Condominium and Cooperative Law in Florida
Condominiums and cooperatives are forms of "common interest" communities.
These are residential areas with one or more buildings, each housing multiple residential units. The units are part of a larger building, which contains other residential units. In turn, there are several such buildings on the property. The units are rented or owned by the residents, but the building as a whole, and the land on which it sits, is owned either by a third party, or collectively by all the residents. The residents, in addition to mortgage or rent, normally have to pay a fee to cover maintenance of the common areas.
If you simply look at a condominium or cooperative community, you likely won't be able to tell if it's one or the other.
There are no physical features distinct to either one, which can be used to distinguish them. Rather, the difference lies in the legal arrangement that covers the relationships between the residents and managers. In condominium communities, the residents own the units they live in, and collectively own the land and buildings in which they are located. In a cooperative community, the units are rented, and are owned by a single entity.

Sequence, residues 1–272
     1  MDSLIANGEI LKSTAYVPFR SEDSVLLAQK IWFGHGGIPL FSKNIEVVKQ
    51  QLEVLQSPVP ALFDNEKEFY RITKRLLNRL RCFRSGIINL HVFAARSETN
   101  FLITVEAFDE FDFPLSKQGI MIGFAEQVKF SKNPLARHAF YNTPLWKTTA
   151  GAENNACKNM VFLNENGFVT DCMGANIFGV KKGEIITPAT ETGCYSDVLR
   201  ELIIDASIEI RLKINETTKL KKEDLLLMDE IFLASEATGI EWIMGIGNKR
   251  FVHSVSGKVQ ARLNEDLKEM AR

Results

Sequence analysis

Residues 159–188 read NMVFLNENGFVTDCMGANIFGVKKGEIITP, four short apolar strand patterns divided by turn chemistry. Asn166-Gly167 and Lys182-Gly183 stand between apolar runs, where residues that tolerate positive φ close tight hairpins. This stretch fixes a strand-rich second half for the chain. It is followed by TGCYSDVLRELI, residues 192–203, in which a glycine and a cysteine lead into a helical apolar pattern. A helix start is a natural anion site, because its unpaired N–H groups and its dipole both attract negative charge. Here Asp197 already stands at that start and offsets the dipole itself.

Laws and Regulations Concerning Common Interest Communities in Palm Beach, Florida
While there are a lot of Palm Beach, Florida laws that will affect the residents and owners of condominium and cooperative communities, there are few that are actually specific to such communities. Rather, they are mostly governed by laws of more general application, such as contract law, zoning laws, and landlord/tenant law.
In general, the procedures of the landowner or management board will have a much greater impact on the daily lives and conduct of residents than any state or local laws controlling condominiums or cooperatives.
The owner or manager of the property on which your unit sits will likely have a considerable number of regulations concerning what can be done in and around the housing units. These rules will likely concern cleanliness, noise, and policies governing the presence of pets and long-term guests.
This authority, however, has limits. There are some rules which landowners cannot impose. Most obviously, they can't bar people from renting or buying units based on their race, religion, or national origin in Palm Beach, Florida. This conduct is illegal under state and federal law, and can result in grave civil penalties.
Can a Palm Beach, Florida Attorney Help?
If you have problems with your landlord, your homeowners association, or a neighbor, a seasoned Palm Beach, Florida real estate lawyer may prove invaluable.